Moody introduced several innovations to revivalism.
First, he advertised his campaigns widely. Some criticized Moody for this, but he replied, “Some ministers think it undignified to advertise their services. It is a good deal more undignified to preach to empty pews, I think.”
Second, Moody introduced the “inquirers’ room” to American evangelism. Finney invited those who were anxious about their salvation to sit on the “anxious bench” at the front of the hall. Moody did not use the anxious bench; instead, he invited those who wished to inquire further about salvation to go into the inquirers’ room where personal workers waited to counsel with them.
Third, in the later years of his evangelistic ministry Moody’s assistants prepared “decision cards.” The cards were distributed to the personal workers before the service, and they were instructed to write the inquirers’ names, addresses, and church background. This was a significant development because it enabled local pastors to visit the inquirers, and it made it possible to keep accurate records of the meeting’s results.
Perhaps Moody’s greatest innovation was his use of music in the meetings. Moody used several different musicians in his career, but he worked with Ira Sankey during the 1870s, his most active period of evangelism. Sankey’s winsome music attracted many to the meetings. In fact, the humble Moody said, “The people come to hear Sankey sing, and then I catch them in the gospel net.” Normally, the crusade committees advertised with this slogan: “Mr. Moody will preach the gospel and Mr. Sankey will sing the gospel.”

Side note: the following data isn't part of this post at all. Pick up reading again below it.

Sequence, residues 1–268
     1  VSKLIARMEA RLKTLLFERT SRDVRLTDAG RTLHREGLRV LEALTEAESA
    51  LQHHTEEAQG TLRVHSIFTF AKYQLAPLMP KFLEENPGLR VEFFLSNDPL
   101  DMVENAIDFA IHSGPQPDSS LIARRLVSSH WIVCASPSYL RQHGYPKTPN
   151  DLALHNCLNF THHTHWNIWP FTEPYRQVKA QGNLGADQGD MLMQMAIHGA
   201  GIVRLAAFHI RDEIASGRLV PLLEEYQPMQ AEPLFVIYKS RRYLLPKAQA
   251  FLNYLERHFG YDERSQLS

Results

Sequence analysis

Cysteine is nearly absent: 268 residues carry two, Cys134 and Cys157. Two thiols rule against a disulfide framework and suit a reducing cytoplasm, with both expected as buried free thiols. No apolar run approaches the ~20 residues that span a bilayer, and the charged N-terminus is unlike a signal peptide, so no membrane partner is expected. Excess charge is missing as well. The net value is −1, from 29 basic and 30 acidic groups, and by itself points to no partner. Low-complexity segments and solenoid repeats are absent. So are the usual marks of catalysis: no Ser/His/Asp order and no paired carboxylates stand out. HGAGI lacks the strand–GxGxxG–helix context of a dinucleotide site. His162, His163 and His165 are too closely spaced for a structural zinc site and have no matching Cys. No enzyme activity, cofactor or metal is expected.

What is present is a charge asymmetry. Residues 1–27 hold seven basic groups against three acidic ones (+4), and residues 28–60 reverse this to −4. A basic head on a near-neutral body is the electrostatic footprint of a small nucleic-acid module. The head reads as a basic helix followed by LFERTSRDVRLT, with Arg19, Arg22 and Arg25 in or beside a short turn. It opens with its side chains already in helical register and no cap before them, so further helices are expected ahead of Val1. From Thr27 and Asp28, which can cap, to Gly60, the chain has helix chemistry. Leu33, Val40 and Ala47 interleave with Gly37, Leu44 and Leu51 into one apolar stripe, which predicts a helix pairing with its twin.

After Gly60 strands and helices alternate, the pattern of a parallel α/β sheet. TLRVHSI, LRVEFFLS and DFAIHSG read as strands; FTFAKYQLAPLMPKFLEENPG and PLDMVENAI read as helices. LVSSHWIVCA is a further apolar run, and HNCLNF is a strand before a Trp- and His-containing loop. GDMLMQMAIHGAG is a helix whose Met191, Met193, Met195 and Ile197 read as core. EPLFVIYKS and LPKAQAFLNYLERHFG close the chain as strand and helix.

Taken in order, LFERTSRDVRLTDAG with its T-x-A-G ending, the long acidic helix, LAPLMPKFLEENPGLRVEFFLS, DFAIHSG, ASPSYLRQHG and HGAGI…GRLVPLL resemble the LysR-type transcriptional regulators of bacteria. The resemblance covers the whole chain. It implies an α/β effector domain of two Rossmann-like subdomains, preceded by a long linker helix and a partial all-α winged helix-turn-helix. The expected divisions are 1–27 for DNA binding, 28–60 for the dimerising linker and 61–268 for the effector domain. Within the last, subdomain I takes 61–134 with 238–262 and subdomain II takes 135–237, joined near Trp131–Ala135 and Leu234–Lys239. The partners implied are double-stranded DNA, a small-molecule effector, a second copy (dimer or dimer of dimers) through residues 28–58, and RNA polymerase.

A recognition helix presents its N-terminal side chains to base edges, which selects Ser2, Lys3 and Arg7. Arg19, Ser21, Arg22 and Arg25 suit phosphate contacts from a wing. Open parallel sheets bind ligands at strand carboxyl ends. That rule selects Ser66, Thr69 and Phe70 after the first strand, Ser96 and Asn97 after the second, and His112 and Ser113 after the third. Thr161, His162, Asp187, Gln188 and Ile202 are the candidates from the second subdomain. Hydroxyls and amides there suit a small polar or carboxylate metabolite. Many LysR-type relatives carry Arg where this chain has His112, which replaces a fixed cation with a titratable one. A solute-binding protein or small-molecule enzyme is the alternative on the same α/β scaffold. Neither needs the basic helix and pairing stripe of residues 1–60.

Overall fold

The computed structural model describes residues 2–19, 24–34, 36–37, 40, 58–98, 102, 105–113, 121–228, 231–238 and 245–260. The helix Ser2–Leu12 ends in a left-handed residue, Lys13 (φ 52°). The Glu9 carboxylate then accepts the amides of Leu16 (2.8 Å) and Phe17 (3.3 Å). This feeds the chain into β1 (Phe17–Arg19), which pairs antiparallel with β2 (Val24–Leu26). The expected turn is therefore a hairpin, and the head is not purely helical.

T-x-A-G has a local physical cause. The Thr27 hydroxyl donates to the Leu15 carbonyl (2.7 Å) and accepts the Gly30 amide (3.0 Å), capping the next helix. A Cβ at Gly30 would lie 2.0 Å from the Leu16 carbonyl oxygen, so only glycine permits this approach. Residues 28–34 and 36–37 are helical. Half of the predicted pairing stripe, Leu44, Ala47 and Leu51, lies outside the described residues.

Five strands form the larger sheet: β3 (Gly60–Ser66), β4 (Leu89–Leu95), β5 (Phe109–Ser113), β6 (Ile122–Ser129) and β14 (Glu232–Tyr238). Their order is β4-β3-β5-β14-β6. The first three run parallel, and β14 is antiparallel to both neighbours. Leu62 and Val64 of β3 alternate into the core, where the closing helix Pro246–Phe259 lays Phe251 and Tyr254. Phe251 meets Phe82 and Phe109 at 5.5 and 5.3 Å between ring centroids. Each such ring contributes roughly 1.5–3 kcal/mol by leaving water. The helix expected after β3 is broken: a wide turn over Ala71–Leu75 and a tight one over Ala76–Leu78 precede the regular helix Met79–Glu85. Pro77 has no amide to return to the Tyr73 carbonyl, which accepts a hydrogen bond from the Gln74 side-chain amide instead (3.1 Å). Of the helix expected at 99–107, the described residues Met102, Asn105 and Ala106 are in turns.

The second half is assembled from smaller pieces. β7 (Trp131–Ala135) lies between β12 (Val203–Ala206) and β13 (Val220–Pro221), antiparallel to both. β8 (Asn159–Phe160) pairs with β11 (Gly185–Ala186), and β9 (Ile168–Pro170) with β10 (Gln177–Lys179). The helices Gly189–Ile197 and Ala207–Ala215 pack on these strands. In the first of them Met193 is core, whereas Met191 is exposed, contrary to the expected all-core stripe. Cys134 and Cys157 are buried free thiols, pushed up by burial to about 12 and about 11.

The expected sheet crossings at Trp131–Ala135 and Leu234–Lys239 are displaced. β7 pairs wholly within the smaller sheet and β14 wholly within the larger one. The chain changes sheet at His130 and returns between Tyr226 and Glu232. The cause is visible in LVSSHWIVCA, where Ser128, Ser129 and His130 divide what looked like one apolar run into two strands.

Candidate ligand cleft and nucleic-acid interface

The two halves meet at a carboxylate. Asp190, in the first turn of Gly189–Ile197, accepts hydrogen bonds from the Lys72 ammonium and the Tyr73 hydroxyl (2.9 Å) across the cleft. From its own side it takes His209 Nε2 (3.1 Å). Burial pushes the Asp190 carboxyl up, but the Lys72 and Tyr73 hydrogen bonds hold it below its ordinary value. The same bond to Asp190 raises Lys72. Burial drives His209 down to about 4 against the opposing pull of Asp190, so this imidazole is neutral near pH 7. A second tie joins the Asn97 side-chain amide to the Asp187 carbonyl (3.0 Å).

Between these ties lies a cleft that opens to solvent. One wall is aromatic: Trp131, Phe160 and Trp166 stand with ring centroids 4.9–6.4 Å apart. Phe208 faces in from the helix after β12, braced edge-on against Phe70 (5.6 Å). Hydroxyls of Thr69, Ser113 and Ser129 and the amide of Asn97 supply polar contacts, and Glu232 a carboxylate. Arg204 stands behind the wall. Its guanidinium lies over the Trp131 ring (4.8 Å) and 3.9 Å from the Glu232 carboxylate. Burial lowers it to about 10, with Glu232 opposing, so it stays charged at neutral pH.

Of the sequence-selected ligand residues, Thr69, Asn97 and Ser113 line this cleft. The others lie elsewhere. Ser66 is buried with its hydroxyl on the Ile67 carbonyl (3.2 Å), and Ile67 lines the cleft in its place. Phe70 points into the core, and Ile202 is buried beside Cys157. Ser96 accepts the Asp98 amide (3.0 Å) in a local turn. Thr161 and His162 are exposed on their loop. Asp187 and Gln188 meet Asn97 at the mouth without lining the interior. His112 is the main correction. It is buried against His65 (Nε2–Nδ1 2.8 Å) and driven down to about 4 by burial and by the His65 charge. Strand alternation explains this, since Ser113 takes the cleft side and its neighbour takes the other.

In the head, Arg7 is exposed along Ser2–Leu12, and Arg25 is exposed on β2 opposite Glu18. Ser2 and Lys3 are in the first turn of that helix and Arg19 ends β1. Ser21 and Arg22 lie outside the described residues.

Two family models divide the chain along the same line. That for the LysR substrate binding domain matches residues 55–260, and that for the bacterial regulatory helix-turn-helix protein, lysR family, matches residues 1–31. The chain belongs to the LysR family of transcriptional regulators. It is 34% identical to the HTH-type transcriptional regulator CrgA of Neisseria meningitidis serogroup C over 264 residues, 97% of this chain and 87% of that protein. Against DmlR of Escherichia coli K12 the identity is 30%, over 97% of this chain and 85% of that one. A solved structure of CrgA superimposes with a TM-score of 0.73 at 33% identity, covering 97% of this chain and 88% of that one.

The meetings usually offered three types of singing. At the beginning of the evening service Sankey would lead the congregation in singing for thirty minutes. Next, the trained choir presented special numbers. Before the sermon, Sankey would sing solos accompanying himself on his pump organ. Sankey wrote a number of gospel songs and popularized others. Perhaps his most popular song was “The Ninety and Nine.” Moody’s favorite was “Jesus of Nazareth Passeth By.” At the conclusion of the sermon Sankey led an invitation hymn to encourage people to go to the inquiry room.
Moody’s preaching was notable for its simplicity. He preached simple sermons that any store clerk could understand. His grammar was poor, but Moody made the message clear by using short, simple sentences and lots of illustrations that touched the heart. Moody’s sincerity shone through his sermons, and he often wept in the pulpit. Moody was a great storyteller, and many of his messages were simply Bible stories retold and applied to contemporary life. Moody loved a good joke, and he often injected humor into his sermons. Usually, Moody presented topical messages with rather loose outlines. He did not like outbursts and discouraged them in his meetings.
John Mark Terry, Evangelism: A Concise History (Nashville, TN: Broadman & Holman, 1994), 154–155.